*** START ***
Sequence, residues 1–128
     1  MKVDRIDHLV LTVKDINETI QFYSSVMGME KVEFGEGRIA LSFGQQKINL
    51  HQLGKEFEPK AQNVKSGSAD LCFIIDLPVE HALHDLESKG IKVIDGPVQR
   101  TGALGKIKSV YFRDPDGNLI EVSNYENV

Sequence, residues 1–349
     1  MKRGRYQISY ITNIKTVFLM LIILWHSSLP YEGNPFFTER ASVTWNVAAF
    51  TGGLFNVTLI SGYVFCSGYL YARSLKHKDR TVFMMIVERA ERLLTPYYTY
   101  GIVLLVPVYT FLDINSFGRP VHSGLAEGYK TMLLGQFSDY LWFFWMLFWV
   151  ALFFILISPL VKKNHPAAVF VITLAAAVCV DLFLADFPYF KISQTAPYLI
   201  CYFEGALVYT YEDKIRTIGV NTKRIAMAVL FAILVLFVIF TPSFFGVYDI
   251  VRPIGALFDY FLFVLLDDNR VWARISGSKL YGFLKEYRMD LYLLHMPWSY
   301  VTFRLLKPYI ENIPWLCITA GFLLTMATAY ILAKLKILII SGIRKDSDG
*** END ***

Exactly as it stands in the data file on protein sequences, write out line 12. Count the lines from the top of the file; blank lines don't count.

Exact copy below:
   301  VTFRLLKPYI ENIPWLCITA GFLLTMATAY ILAKLKILII SGIRKDSDG